Rethinking Refits

Lockdowns have given organisations time to rethink their office schemes and also to consider more deeply the environmental impact of their activities, including refits. It may mean far less office furniture goes to landfill in the coming years.

We’ve been approached by customers actively seeking refurbished furniture instead of new – on ethical grounds and because it helps them meet their environmental targets. From corporates to SMEs, there’s much greater awareness about how consumption of office furniture affects the planet.

Interior specifiers and furniture manufacturers are also thinking ahead to the second and third lives of the pieces they deliver. By collaborating with social enterprises and charities, it’s possible to supply everyone from incubator hubs through to firms and state bodies in developing countries with excellent reconditioned furniture.

The challenges in recycling

When a piece of furniture really can’t be used any more, ideally its components will be separated and recovered rather than going to waste. The industry still faces big challenges when it comes to waste and recycling. Firstly, the justifiable public outrage about issues such as single use plastics has left waste recycling facilities overwhelmed. Government intervention is needed to increase recycling capacity.

Secondly, furniture recycling is dependent on recyclable materials being used in the first place. We have come full circle, to the initial design of the furniture and the choice of materials. The more recyclable and/or recoverable content the better.

Increasingly, buyers want environmental transparency with regards to materials and recyclable content. Manufacturers are responding but there is a long way to go, and the decision-making is complex. There are environmental considerations even within recycling. For example, recovering and recycling certain materials can be very energy intensive which makes it difficult to weigh up the best course of action.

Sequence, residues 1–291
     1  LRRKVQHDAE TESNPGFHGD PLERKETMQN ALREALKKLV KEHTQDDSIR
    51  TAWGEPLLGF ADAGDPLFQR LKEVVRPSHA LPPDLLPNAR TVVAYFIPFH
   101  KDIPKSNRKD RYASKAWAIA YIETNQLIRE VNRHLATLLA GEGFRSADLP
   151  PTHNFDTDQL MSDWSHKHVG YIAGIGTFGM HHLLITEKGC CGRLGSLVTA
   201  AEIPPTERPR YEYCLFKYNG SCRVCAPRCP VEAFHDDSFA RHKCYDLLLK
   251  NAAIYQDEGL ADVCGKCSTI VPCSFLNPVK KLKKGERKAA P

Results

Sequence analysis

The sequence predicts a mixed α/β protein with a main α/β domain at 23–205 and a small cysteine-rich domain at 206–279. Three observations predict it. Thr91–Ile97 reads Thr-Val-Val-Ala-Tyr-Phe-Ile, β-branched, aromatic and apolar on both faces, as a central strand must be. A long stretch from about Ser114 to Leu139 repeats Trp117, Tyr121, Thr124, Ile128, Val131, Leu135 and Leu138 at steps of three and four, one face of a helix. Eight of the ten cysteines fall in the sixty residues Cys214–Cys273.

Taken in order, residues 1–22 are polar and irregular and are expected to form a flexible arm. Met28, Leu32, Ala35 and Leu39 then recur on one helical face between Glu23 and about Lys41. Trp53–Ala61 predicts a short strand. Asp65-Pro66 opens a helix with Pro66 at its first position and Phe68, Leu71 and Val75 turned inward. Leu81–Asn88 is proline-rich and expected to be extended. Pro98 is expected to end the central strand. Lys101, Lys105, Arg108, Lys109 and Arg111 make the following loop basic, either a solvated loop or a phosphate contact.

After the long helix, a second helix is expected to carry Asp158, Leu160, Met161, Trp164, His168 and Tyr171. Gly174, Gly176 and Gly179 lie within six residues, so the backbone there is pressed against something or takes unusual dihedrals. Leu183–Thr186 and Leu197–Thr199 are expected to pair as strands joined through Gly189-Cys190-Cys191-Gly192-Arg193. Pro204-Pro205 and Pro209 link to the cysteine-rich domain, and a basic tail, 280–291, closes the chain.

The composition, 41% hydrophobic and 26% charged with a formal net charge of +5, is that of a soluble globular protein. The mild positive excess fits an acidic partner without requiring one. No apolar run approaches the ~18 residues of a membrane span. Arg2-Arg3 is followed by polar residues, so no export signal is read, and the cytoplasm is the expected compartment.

Innovative solutions

Some office furniture manufacturers are already playing a significant role in the second lives of the pieces they produce. However, we need to go beyond that and look at the problem of consumption and waste through a different lens.

Our industry has an opportunity to take responsibility for our products in the same way that many of our customers are taking responsibility for their purchases. We often talk about the four Rs – reduce, reuse, recycle, recover. Let’s introduce a fifth R: refuse. We can refuse to make furniture that is quickly consumed and adds to the global problem of waste.

We have the skills to design and make furniture that lasts longer, and we can utilise and develop our skills to extend the lives of our products. Working more closely with customers in the long term, manufacturers can add value by helping manage the lifecycle of their products after they’ve left the factory. Maintenance and reconditioning, then redistribution and recycling – these things should be planned into the life of every product.

It’s time to adopt ‘furniture as a service’ as a model for our industry in the future. Now is the perfect time to have this conversation so that the ‘make, use, discard’ approach to commercial furniture can be consigned to history.


October 2021